The Estrada presidency has been tarnished by pecuniary scandals from its start. But he has survived them all, largely because they involved favors or cash that benefited others, not the President himself. Singson's tale, as told to the media and the Senate, makes the previous scandals seem small, and gives a sordid view of the administration. Singson is a veteran political wheeler-dealer and a longtime Estrada compadre, as Filipinos call their close chums: he's the godfather of one of Estrada's children, and the President is godfather to one of his. They're drinking pals: red wine for Singson, Johnny Walker Blue Label for Estrada.

Singson's revelations relate to a numbers racket called jueteng, an illegal but highly popular betting activity in the Philippines controlled by local mafia-type figures. Singson says that soon after Estrada became President, he dictated arrangements for a slice of jueteng proceeds to be delivered to him. Charlie Ang, a businessman, was given the job of collecting the money from each province, Singson claims. But Ang fell out with Estrada over a couple of business deals. One, according to Singson, was the delivery of $2.7 million skimmed from the cigarette excise tax collected by Singson's own province's government. Ang allegedly pocketed part of the money, Singson says; as a result, Singson took over the duty of delivering jueteng proceeds, usually cash stuffed in attachE cases, to Estrada.

Singson says he found the role "embarrassing," but it seems he didn't mind the arrangement until it was about to end. Last August, Singson says, Estrada announced that jueteng was going to be replaced by a legalized lottery system known as Bingo 2-Ball. Estrada also indicated that Ang would become a consultant to the government-run Philippine Amusement & Gaming Corp. Ang, in turn, said the lottery franchise would be run by former congressman Eric Singson, Luis' cousin and bitter political rival in Ilocos Sur. Singson squawked and pleaded that the franchise should go to his own brother instead, but Estrada refused. Eventually, Singson threatened to blow the whistle on the jueteng scam if his brother didn't get the franchise, a move that put him on a collision course with the President. On Oct. 3, according to Singson, after a meeting with Ilocos Sur mayors in Manila his car was stopped by a group of policemen brandishing machine guns. Singson refused to open the door—the car was bulletproof—and, by mobile phone, called the mayors to come rescue him. He told the Senate last week it was an obvious assassination attempt. Now Singson doesn't sleep in one place two nights running.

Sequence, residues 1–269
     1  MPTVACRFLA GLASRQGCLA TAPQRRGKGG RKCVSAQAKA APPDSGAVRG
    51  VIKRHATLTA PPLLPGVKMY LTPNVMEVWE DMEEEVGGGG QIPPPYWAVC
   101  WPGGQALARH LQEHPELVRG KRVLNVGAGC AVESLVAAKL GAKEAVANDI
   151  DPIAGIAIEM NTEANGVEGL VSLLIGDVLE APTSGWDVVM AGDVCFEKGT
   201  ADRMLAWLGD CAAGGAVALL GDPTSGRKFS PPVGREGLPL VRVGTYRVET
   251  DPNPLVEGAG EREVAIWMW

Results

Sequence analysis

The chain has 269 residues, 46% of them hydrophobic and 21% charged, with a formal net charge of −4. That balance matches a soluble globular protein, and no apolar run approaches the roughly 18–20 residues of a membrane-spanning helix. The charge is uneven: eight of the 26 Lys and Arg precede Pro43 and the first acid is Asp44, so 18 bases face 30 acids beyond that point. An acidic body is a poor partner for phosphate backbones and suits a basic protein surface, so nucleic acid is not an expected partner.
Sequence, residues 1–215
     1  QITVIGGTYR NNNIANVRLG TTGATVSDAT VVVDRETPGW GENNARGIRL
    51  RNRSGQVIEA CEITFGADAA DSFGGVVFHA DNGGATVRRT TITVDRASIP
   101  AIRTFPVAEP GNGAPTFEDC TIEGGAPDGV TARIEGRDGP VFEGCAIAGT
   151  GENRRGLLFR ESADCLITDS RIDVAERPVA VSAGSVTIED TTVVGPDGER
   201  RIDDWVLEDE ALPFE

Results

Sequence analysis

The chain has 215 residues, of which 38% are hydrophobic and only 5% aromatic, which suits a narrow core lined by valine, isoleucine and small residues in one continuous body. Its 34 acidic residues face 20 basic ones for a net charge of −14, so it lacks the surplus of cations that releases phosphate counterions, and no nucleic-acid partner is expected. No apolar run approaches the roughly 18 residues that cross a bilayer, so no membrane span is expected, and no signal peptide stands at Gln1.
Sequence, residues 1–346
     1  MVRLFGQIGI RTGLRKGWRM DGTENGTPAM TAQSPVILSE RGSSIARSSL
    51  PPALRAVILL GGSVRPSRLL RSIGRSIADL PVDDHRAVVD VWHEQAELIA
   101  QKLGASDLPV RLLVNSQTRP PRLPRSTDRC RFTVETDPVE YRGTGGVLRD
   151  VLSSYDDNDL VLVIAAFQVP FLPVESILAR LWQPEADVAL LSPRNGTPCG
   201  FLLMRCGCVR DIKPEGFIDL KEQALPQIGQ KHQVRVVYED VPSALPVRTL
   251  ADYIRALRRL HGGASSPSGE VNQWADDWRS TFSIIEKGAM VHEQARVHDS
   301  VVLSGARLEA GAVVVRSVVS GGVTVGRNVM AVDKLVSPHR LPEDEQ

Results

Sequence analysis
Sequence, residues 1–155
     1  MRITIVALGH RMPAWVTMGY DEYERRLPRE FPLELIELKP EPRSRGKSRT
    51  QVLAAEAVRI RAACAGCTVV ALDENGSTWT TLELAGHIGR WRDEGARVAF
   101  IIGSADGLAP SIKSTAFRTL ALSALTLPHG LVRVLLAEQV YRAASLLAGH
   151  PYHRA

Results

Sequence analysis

Estrada has denied all of Singson's charges, but his denial isn't going down well with the man in the street. A poll by Manila television station ABS-CBN last week showed that 67% of those asked believe that Estrada took the money, while only 12% believed the President. Estrada himself is said to be depressed and has stayed mostly out of sight. "He is certain that at some point the truth will come out," says Ronaldo Zamora, his executive secretary. "What is bothering him is that this may result in the presidency being crippled." The bigger question is whether the scandal could lead to a repeat of the People Power demonstrations of 1986, which toppled Marcos. The only certainty: Estrada is now in the riskiest gamble of his career.

Reported by Nelly Sindayen/Manila